Did you know that your superannuation includes more than just the balance of contributions made by your employer and any personal contributions? Did you know that superannuation could also include an insurance for total and permanent disablement (TPD)?
Did you know that you do not need to be catastrophically injured to claim TPD insurance? Read on to find out more about superannuation TPD insurance and whether you can claim.
What is TPD?
If you are ill or injured you may be entitled to make a claim for TPD in your superannuation insurance policy. TPD is part of the insurance in of your superannuation coverage, and is separate to the balance of funds in your superannuation account. Insurance could include TPD, partial and permanent disablement and death. Not all policies include an automatic insurance coverage and it is important that you check to see whether you are covered. Your annual statement will indicate whether you have insurance cover and, if so, what for and the amount of your insurance coverage.
TPD means different things in different superannuation policies. Sometimes, the policy definition changes over time. You do not have to be catastrophically injured to qualify for a TPD payment. Often, there are several categories of injury and/or illness, which meet the policy definition of TPD. For example, the total loss of sight may qualify for TPD but the same policy may also include someone who, because of illness or injury, is absent for work for a certain period (the waiting period) and at the start of the waiting period and after that, is unlikely ever to engage in any reasonably suited occupation based on the insured person’s education, training and experience. A statement completed by the injured person and their Doctor/s are considered in determining whether an insured person is TPD. Those statements are important and should be completed fully and correctly to ensure the information is accurate and consistent. Obtaining legal advice and representation at an early stage can maximise chances of have your claim accepted as soon as possible.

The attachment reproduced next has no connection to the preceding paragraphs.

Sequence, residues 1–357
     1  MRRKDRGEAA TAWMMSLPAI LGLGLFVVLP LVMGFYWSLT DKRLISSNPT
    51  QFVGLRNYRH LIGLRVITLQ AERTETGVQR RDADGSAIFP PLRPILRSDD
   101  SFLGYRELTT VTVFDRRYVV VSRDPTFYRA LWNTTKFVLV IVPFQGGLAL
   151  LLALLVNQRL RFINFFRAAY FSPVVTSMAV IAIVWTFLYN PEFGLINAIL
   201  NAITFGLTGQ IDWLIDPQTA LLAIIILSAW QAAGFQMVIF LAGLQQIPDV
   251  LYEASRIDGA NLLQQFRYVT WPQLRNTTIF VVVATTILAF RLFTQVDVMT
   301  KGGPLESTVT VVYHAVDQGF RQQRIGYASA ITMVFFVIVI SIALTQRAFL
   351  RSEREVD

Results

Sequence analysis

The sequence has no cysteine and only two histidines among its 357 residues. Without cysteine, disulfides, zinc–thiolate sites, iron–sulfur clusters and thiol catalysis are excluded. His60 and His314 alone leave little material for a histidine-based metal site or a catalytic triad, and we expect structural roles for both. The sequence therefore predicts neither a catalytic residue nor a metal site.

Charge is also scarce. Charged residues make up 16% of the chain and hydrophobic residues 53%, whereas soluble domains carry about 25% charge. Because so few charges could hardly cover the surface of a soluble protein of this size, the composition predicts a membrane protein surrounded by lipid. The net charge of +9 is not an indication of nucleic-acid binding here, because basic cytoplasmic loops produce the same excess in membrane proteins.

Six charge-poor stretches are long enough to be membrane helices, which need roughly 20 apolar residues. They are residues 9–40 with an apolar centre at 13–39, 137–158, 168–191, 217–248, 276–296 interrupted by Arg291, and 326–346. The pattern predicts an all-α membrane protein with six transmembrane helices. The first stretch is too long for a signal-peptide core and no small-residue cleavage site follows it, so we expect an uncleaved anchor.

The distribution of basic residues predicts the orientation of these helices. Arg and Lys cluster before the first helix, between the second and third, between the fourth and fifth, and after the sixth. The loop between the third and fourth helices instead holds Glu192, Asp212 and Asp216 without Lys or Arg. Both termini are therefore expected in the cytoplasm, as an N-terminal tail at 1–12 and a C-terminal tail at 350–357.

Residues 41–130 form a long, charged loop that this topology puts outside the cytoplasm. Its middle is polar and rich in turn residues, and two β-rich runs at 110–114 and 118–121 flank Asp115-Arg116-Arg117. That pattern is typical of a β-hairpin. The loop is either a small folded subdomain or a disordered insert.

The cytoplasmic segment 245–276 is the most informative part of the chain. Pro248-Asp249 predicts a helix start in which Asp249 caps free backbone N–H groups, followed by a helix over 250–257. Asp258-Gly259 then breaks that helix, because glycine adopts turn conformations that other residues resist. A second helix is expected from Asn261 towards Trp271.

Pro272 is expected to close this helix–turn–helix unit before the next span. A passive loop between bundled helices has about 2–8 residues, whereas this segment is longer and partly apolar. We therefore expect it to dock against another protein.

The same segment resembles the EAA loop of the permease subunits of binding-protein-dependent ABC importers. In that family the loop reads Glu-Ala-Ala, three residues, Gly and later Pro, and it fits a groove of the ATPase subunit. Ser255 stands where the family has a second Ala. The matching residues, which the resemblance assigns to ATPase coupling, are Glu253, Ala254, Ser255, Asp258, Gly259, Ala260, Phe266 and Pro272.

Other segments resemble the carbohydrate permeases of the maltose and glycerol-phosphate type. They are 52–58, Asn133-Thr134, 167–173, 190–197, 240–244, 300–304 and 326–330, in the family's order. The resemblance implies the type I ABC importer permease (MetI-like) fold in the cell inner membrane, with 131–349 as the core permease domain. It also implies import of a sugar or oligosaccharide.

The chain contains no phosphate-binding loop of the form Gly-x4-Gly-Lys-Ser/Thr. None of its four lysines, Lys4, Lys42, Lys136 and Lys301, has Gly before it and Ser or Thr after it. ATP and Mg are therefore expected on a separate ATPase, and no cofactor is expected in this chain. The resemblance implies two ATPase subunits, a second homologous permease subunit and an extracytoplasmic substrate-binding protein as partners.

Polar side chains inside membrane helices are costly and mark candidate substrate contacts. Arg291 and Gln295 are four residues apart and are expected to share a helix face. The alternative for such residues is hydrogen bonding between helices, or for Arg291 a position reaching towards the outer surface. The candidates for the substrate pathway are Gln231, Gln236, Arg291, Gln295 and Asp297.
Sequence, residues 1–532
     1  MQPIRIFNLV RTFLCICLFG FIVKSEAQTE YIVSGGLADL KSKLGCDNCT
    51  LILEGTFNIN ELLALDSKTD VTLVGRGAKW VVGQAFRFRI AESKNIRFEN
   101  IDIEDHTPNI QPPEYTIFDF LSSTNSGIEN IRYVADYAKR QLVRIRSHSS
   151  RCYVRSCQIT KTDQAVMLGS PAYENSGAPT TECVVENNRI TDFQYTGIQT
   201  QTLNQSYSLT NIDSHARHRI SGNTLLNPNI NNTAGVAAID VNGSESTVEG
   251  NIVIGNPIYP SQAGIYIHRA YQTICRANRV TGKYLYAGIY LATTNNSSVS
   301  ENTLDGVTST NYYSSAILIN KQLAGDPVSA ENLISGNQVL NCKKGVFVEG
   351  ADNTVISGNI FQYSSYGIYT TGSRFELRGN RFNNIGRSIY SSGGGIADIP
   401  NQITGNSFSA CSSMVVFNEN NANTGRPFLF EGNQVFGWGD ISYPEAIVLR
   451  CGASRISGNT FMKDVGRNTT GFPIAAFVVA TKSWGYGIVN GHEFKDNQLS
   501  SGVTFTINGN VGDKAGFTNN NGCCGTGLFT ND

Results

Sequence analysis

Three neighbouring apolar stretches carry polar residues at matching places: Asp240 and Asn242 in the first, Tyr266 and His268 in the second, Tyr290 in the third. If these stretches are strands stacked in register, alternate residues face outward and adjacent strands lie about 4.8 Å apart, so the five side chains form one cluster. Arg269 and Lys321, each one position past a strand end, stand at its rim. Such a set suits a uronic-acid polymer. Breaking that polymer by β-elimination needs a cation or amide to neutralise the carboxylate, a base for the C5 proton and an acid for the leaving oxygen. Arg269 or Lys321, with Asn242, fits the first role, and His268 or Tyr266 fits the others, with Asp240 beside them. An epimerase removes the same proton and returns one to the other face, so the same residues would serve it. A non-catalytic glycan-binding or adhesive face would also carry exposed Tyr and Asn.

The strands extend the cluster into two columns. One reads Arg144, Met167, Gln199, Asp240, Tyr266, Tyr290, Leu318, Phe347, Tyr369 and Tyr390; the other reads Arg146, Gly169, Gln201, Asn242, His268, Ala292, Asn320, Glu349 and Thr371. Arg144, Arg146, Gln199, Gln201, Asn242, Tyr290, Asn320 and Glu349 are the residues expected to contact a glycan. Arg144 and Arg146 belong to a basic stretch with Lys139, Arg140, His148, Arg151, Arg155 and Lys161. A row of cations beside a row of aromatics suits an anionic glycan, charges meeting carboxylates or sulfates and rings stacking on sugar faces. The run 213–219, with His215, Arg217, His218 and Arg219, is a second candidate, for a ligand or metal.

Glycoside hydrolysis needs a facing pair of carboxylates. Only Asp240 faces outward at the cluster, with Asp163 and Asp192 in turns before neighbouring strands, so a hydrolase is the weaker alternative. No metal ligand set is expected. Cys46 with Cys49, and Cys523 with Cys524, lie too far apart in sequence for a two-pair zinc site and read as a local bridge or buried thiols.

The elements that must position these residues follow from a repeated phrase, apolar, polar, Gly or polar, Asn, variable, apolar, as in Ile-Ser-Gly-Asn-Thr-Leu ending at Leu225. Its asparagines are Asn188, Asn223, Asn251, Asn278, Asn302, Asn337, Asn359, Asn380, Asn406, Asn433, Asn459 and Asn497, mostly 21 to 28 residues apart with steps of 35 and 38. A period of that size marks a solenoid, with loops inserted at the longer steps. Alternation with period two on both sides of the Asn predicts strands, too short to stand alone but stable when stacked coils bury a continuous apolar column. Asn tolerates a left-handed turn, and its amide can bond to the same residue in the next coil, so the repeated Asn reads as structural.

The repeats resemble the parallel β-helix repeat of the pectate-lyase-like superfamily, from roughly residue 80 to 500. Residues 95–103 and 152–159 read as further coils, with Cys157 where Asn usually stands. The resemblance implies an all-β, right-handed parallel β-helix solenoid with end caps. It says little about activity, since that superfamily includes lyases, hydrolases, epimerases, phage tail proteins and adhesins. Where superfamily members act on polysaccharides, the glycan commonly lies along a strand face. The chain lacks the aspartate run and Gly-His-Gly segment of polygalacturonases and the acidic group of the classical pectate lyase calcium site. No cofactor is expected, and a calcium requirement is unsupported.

What happens after your TPD is approved?
If your TPD claim is approved you have several payment options. You can take some or the entire TPD insurance amount, in addition to some or all of your superannuation account balance. It is important that you receive financial advice from an appropriately qualified person before electing a payment method. Your policy may close your entire superannuation account and cease any remaining insurance if you take a full payout of insurance and your balance. In addition, your TPD claim may offset the amount of any remaining insurance. For example, your policy might provide that a death benefit be offset by the value of TPD insurance. If the death benefit is $200,000 and the TPD insurance is $75,000, then the death benefit would be reduced to $125,000 after you become entitled to a TPD payment (i.e. $200,000 less $75,000).
If you have a work injury or illness, a TPD payment is made in addition to impairment compensation under workers compensation legislation. That is, you can be entitled to lump sum compensation in workers compensation and superannuation. However, your injury or illness does not have to be work related to claim TPD.
For an obligation free phone consultation, contact us on 8213 1000.